Members of the the CDC’s Advisory Committee on Immunization Practices (ACIP) meeting Tuesday appeared to agree that healthcare workers should be first in line to receive a COVID-19 vaccine when one is approved, followed by some combination of essential workers, those with high-risk medical conditions, and older adults.
However, with no formal vote taken — that won’t happen until one or more vaccines are authorized or approved by the FDA for clinical use — it’s not yet official policy, and not much was settled about priorities for later rounds of immunizations.
ACIP chair José Romero, MD, said once data is available from phase III clinical trials, an ACIP work group will conduct an independent review of its safety and efficacy.
“If and when the FDA authorizes or approves vaccines, ACIP will have an emergency meeting and then vote on recommendations and populations for use,” he said.
Perhaps with an eye towards the FDA’s planned Oct. 22 vaccines advisory committee meeting — at this point, no specific products are on the agenda for that discussion either — the ACIP discussed a proposed framework for vaccination recommendations.
Phase 1a, the first round of vaccinations, would go to paid and unpaid persons who have the “potential for direct or indirect exposure to patients or infectious materials” — such as those working in hospitals, long-term care facilities, outpatient, home health care, pharmacies, emergency response, and public health.
CDC experts laid out the framework for their recommendations, based not only on previous recommendations from the National Academies, but also the Johns Hopkins University Bloomberg School of Public Health and the World Health Organization’s SAGE group. These principles included maximizing benefits, equity, justice, fairness, and transparency.
For example, vaccinating healthcare professionals (HCPs) first may reduce COVID-19 morbidity as well as transmission (“maximize benefits”). Racial/ethnic minority groups and lower income earners are overrepresented in some healthcare fields, with higher seroprevalence of SARS-CoV-2 among Hispanic and non-Hispanic Black workers, and a larger proportion of staff at long-term care facilities who were both women and non-Hispanic Black (“equity”).
But ACIP also grappled with how to define the groups to be included in phase 1b, likely including essential workers such as those in food and agriculture, transportation, education, and law enforcement. Also on most lists for phase 1b are the elderly and people with high-risk medical conditions.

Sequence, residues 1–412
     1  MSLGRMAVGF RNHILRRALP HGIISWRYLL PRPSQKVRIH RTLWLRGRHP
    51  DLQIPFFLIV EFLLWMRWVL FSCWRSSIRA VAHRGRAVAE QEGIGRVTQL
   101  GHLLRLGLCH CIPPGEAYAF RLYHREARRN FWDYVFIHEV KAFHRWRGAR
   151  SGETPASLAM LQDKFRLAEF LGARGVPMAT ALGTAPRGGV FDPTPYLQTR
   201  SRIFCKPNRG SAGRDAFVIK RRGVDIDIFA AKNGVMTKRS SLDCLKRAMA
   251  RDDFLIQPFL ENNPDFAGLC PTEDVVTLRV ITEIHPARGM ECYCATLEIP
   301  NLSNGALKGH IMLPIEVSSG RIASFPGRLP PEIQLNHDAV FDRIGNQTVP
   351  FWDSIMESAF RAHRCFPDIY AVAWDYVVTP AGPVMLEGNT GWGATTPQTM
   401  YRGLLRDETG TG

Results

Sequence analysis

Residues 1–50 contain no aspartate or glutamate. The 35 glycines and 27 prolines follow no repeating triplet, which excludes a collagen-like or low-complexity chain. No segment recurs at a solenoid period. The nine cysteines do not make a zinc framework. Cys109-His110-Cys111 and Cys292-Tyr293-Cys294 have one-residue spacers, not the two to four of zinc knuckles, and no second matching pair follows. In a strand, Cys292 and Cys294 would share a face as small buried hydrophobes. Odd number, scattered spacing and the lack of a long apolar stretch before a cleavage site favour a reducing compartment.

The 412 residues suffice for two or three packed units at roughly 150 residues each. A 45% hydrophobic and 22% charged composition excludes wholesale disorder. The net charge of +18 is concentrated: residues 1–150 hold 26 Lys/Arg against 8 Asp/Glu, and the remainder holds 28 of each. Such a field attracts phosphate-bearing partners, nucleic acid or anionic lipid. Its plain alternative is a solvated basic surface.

Kathleen Dooling, MD, of the CDC, discussed the potential “short period of time where administration might be limited” and asked the committee what they would want to know in setting priorities. Specifically, she noted areas where phase 1b groups overlap (essential workers with high-risk conditions, or older adults who are essential workers, for example).
ACIP member Peter Szilagyi, MD, of the University of California Los Angeles, emphasized the importance of identifying risk of “serious COVID infection and death” as an outcome, separate from mere COVID infection.
“For example, many essential workers who do not have chronic conditions or are younger may have a high likelihood of infection,” but not necessarily mortality, he noted.
Some ACIP members brought up the idea of targeting geographic hotspots, but the CDC’s Nancy Messonnier, MD, pointed out that may not be a feasible short-term strategy for controlling an outbreak.
“I’m a little troubled by the idea we can use hotspot analysis to make decisions about how to target vaccines, given that unfortunately our hotspot analysis does not predict that far out and may not predict past the second dose of vaccine,” she said.
Dooling also asked about the “correct balance” between national guidance and local flexibility, and members were split on this as well.
ACIP member Robert Atmar, MD, said he would argue for more national guidance, because at this level, it has “the greatest transparency.” When it “trickles down to intermediate and local control, transparency isn’t always as great,” he said.
But liaison member Matthew Zahn, MD, of the National Association of County and City Health Officials, argued for more flexibility within local health departments.
“It really is appropriate to be aware of what’s going on in your community, that reality has to drive the response in a community [and] local public health has to be given the flexibility to react that way,” he said.
In any event, if and when a vaccine is approved, CDC officials let the ACIP know states will be ready to distribute it. A jurisdictional “playbook” was released by CDC on Sept. 16 about programmatic implications of vaccination programs. Officials said they asked states to have their plans finalized by October 16.
ACIP member Helen Keipp Talbot, MD, of Vanderbilt University brought up the potential of states having a plan in place when it’s possible there will not be adequate data by that time, calling it “somewhat premature.”
But Messonnier noted this came from Operation Warp Speed, leaders of which expected a vaccine as early as November.
“Our goal is to be ready on the first day we can actually distribute a vaccine. We need to be ready, so there’s no delays,” she said.